Robert Warwick Anstey, a member of the Bradninch Ansteys, was born on 11 April 1893 in Topsham to parents Samuel Anstey and Emma Murphy. He was the brother of fellow Anstey Heroes Edgar Hubert Anstey, Wallace Anstey, and Ralph Stanley Anstey.
[Note: in some sources Robert’s middle name is mis-written as ‘Wannell’]
Robert attended Topsham First School from the age of two. Then by the 1911 Census he was living with his family at Wesleyan Lodge, Topsham, Devon – he was a labour carter. At some point, probably around this time, Robert also worked for a market gardener in Topsham.
Robert served during World War One as a Sapper (Service Number: 510250 and T4166) for the Royal Engineers (Attached Infantry Brigade). Unfortunately we cannot locate any enlightening documentation and all we know of his war story is that per ‘The Gazette‘ Issue Number 30768 on 27 June 1918, Robert, “[a Sapper with the] 58th (Lond). D. S. Coy R. E. (T. F.) attached to the 173rd Inf Bde (HQtrs)” was awarded the ‘Military Medal‘ for services in France.
The ‘Exeter and Plymouth Gazette‘ on 28 June 1918 also reported on this achievement, noting “The Military Medal has been awarded to the following non-commissioned officers and men: 510250 Spr R. W. Anstey R. E. (Topsham)“.
We have no specific details of the heroics performed by Robert in order to receive this medal. We do know that the 58th Field Squadron of the Royal Engineers “went to Calais in mid-1917 to work on the Lines of Communication of the British Expeditionary Force. It returned to the UK in 1919 and disbanded in 1920“. As for the 173rd Infantry Brigade, with whom Robert was attached when he won his ‘Military Medal‘ in 1918 (presumably for actions performed a few weeks before it was reported in ‘The Gazette‘), they were defending against the German Spring Offensive at the time.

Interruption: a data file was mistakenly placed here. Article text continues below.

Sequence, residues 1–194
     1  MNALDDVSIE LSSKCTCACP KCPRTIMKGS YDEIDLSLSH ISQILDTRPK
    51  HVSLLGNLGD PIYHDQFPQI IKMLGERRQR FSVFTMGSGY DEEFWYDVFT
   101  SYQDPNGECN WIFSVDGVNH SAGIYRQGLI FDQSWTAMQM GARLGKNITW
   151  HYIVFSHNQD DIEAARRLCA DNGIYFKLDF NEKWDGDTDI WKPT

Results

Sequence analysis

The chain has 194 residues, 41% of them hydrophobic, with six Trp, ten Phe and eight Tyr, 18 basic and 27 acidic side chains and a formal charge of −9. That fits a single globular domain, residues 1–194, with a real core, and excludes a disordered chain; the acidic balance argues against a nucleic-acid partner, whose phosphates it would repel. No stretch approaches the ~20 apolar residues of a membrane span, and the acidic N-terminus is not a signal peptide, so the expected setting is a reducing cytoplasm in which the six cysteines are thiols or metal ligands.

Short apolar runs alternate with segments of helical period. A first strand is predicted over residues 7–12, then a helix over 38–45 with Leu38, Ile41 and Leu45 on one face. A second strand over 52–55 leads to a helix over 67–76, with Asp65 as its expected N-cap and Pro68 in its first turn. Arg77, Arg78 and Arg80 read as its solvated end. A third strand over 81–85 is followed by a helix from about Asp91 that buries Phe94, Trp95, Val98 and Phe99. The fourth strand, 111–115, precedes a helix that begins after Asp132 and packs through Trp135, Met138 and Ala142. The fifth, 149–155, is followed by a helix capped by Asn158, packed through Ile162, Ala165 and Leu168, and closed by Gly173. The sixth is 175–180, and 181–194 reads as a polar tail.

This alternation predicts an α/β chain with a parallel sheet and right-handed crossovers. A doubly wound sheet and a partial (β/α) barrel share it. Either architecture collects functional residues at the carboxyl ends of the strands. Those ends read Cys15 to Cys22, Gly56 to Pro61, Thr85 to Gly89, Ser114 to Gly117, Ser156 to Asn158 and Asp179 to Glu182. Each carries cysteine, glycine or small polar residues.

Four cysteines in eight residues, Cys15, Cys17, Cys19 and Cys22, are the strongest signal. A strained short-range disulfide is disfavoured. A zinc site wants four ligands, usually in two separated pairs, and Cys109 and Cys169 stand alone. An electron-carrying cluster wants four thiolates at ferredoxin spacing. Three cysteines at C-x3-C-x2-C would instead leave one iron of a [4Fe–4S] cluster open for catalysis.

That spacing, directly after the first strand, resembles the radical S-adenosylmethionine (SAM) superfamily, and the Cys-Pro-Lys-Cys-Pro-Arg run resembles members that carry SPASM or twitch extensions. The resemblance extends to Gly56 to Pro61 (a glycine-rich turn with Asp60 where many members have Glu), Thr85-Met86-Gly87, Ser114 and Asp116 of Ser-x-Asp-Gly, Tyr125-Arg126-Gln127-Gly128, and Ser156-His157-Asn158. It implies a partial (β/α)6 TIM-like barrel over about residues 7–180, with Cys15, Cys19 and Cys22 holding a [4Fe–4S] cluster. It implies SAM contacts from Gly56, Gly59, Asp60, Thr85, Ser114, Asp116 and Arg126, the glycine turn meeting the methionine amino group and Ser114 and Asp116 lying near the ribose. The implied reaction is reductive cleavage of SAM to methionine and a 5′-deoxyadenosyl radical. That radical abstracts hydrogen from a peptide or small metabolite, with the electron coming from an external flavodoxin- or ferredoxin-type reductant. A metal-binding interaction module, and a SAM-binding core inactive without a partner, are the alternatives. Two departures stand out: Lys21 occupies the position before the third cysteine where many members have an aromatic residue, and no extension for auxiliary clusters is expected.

As such, we can conclude that Robert was also involved in this defence. Therefore we can surmise that on 21 March 1918 he would have been positioned north of the River Oise at La Fere on the Western Front, helping to hold that defensive line until the fourth day of the German Spring Offensive, at which point he was involved in a planned withdrawal back across the River Oise to rejoin the rest of 58th Division.
Apart from this, all we know is that in January 1919 when Robert’s mother died, he was unable to attend her funeral because, per the ‘Western Times‘ (21 January 1919 edition), he was “on active service and leave [was] not granted“.
In either late 1919 or early 1920, Robert was discharged from service and he returned to live with various members of his family at 19 Fore Street, Topsham. For his services he was also awarded the Victory and British War Medals.
Robert married Louisa E. Stuart (b 1889) in 1921 and they settled in Lower Budleigh, having at least two children Mona Anstey (b 1923) and Peter Robert Anstey (b 1924, an Anstey Hero who died fighting in World War Two on 10 December 1941 whilst serving aboard the Royal Navy ship ‘HMS Repulse’, which was sunk on that day by Japanese bombers).
By 1930 the family were living at Elvestone Cottage in Budleigh and they were still there in the 1939 Register, at which point Robert was a “gardener (private)“.
Robert died in 1960 in ‘Devon Central’.
Anybody who would like to add anything to this biography, please contact us at email@example.com.